David Opderbeck has another post up at the Biologos blog on the Kitzmiller decision and related issues. He makes some excellent points regarding Judge Jones’ misguided efforts to define science.
However, he repeats a common misunderstanding about “teaching the controversy”:
Supporters of Judge Jones’ approach in the Kitzmiller case suggest that a similar gatekeeping function is important with respect to public education. Without some demarcation of what can be taught as “science” in the public schools, aren’t we opening the floodgates to the teaching of all sorts of pseudo-science, such as astrology and young earth creationism? I think this is a valid concern. For this and other reasons, I personally don’t agree with the “teach the controversy” approach promoted by many ID advocates. If I were to serve on my local school board, I would not vote in favor of introducing ID materials into the science curriculum, primarily because I don’t believe the ID program has generated sufficient results to reach the public schools. Like the courts, the public schools lack the time and resources to address views that fall far outside the scientific mainstream.
My reply comment clarifying the facts was as follows:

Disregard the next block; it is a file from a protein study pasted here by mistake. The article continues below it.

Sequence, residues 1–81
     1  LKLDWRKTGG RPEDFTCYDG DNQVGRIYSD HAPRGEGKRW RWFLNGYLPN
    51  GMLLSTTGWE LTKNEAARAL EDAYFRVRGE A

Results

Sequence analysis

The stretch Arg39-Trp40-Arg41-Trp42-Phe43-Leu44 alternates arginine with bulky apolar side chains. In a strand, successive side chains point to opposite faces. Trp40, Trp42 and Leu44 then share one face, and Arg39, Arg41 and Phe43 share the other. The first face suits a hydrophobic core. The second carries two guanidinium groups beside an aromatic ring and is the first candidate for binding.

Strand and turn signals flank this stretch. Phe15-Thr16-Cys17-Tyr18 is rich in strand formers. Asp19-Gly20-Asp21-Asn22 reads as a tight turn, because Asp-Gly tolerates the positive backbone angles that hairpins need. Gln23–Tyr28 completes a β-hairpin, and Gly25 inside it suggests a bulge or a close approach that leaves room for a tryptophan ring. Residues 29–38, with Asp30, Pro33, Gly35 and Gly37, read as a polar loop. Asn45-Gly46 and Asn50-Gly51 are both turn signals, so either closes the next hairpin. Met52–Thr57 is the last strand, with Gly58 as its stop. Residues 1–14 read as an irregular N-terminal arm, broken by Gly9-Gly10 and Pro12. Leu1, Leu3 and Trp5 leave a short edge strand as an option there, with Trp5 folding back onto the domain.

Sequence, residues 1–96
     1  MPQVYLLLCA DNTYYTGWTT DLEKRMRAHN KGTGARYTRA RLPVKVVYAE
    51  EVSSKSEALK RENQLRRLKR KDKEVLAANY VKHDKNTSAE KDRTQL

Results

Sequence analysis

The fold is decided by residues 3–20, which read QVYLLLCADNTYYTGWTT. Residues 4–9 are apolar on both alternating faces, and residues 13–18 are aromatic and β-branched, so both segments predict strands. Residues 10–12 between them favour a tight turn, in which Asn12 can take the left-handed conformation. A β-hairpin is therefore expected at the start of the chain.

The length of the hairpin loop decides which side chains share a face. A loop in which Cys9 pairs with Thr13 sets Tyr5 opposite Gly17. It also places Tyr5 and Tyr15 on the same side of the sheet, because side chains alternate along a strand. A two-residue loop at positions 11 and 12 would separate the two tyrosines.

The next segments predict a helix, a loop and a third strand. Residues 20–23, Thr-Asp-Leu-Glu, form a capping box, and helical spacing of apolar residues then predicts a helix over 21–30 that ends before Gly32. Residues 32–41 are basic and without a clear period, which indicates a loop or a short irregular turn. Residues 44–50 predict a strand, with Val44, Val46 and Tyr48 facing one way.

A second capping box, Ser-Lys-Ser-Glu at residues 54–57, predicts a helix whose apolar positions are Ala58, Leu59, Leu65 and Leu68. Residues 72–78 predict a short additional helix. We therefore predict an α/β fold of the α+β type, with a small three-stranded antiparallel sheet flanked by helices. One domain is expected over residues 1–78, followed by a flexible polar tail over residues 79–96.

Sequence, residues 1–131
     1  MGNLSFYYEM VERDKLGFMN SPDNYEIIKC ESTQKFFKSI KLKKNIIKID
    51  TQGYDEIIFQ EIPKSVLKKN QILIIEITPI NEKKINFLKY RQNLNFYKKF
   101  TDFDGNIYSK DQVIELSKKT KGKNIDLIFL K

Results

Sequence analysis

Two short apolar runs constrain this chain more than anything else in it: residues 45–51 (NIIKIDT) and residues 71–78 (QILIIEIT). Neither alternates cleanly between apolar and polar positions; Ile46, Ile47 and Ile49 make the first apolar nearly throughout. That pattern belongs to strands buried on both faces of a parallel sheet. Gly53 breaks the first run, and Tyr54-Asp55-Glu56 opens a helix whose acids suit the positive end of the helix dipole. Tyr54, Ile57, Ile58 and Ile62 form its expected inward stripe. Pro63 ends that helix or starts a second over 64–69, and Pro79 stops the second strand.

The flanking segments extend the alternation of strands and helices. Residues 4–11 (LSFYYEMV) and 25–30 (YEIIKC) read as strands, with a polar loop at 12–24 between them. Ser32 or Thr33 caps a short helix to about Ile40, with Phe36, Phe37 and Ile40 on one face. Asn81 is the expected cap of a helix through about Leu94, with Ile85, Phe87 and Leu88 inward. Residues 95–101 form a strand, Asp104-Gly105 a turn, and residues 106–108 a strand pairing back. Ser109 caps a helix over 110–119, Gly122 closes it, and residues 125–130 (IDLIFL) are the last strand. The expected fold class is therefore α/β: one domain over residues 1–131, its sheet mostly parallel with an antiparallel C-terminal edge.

Interesting post. You make some good points.
I find it quite interesting the beating you are taking for simply using the phrase “ID theory.” I find the comments attacking this phrase unhelpful and uncivil, as they do not respect thoughtful ID proponents, and they do not further the debate. They reflect a form of knee jerk fundamentalism. Does Biologos endorse this kind of rhetoric?
I wish I had more time to comment, but I will make one important point of fact: you seem to equate “teaching the controversy” with “introducing ID materials into the science curriculum.” That is not accurate, at least as far as the Discovery Institute is concerned. They are the leading advocates of teaching the controversy. Teaching the controversy means presenting evidence for evolution, and evidence that poses problems for evolution, such as the Cambrian Explosion and the fact that genetics and morphology present a mixed picture as to whether there is a single, consistent “tree of life.” Only solid mainstream evidence would be presented. Then students are encouraged to think critically about the evidence.
I don’t know why any good educator would oppose this, as long as the evidence is presented accurately. Judge Jones suggested that even this should be banned. The Supreme Court in Edwards v. Aguillard clearly stated that teaching the controversy is permissible, if done the right way and with the right intent. Edwards trumps Kitzmiller, obviously.